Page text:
The AMD Radeon RX 590 Review, feat. XFX & PowerColor: Polaris Returns (Again)by Nate Oh on November 15, 2018 9:00 AM EST
Compute & Synthetics
Shifting gears, we'll look at the compute and synthetic aspects of the RX 580. As this is the 3rd time we're seeing 'big' Polaris, there's nothing new to discuss, and with no other design changes we only expect to see the impact of increased clockspeeds.
Beginning with CompuBench 2.0, the latest iteration of Kishonti's GPU compute benchmark suite offers a wide array of different practical compute workloads, and we’ve decided to focus on level set segmentation, optical flow modeling, and N-Body physics simulations.
Moving on, we'll also look at single precision floating point performance with FAHBench, the official Folding @ Home benchmark. Folding @ Home is the popular Stanford-backed research and distributed computing initiative that has work distributed to millions of volunteer computers over the internet, each of which is responsible for a tiny slice of a protein folding simulation. FAHBench can test both single precision and double precision floating point performance, with single precision being the most useful metric for most consumer cards due to their low double precision performance.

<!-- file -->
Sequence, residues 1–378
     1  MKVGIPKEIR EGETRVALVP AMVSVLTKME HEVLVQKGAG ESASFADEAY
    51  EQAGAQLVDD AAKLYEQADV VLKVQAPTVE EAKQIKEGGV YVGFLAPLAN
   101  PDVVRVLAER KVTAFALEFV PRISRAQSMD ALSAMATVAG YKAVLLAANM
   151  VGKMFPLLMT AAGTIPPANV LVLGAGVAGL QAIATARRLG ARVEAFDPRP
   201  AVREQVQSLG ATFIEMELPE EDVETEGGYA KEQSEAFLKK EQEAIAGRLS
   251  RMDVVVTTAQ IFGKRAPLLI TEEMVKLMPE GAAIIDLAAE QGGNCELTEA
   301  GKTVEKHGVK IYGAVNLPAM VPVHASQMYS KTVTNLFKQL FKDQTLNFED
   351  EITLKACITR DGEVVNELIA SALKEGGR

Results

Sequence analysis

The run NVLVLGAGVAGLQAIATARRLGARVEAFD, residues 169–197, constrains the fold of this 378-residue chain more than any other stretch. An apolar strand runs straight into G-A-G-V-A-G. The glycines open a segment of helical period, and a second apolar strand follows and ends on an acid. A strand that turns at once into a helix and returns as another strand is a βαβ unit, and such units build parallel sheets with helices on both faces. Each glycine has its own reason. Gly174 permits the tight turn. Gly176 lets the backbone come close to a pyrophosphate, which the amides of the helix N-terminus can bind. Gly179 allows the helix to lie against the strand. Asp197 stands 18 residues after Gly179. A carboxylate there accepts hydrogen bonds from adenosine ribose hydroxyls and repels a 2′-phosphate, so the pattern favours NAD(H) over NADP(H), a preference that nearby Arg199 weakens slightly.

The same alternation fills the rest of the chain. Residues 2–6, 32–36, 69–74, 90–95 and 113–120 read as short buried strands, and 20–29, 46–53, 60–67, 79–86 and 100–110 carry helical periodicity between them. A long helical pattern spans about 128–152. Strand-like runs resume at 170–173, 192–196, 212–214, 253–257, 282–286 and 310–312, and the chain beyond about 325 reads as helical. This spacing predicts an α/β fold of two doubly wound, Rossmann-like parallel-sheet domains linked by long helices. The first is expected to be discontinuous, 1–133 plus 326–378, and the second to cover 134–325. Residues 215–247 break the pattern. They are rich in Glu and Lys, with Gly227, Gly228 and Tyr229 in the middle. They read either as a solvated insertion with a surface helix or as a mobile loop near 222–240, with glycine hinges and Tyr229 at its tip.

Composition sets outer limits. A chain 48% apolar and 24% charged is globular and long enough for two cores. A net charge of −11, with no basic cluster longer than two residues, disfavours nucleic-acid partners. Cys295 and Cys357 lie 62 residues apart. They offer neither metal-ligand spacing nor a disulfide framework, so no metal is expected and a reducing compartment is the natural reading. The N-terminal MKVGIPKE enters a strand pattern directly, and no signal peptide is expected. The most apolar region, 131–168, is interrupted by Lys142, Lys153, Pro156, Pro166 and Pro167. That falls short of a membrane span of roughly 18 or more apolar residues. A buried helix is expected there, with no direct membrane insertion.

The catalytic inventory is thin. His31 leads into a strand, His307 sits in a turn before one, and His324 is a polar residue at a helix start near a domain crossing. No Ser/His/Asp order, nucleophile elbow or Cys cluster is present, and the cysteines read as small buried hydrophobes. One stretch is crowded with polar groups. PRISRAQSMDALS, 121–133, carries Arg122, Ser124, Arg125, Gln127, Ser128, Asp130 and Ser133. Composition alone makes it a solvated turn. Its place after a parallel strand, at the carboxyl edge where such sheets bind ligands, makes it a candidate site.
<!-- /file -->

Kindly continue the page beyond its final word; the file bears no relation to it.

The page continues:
Next is Geekbench 4's GPU compute suite. A multi-faceted test suite, Geekbench 4 runs seven different GPU sub-tests, ranging from face detection to FFTs, and then averages out their scores via their geometric mean. As a result Geekbench 4 isn't testing any one workload, but rather is an average of many different basic workloads.
We'll also take a quick look at tessellation performance.
Finally, for looking at texel and pixel fillrate, we have the Beyond3D Test Suite. This test offers a slew of additional tests – many of which use behind the scenes or in our earlier architectural analysis – but for now we’ll stick to simple pixel and texel fillrates.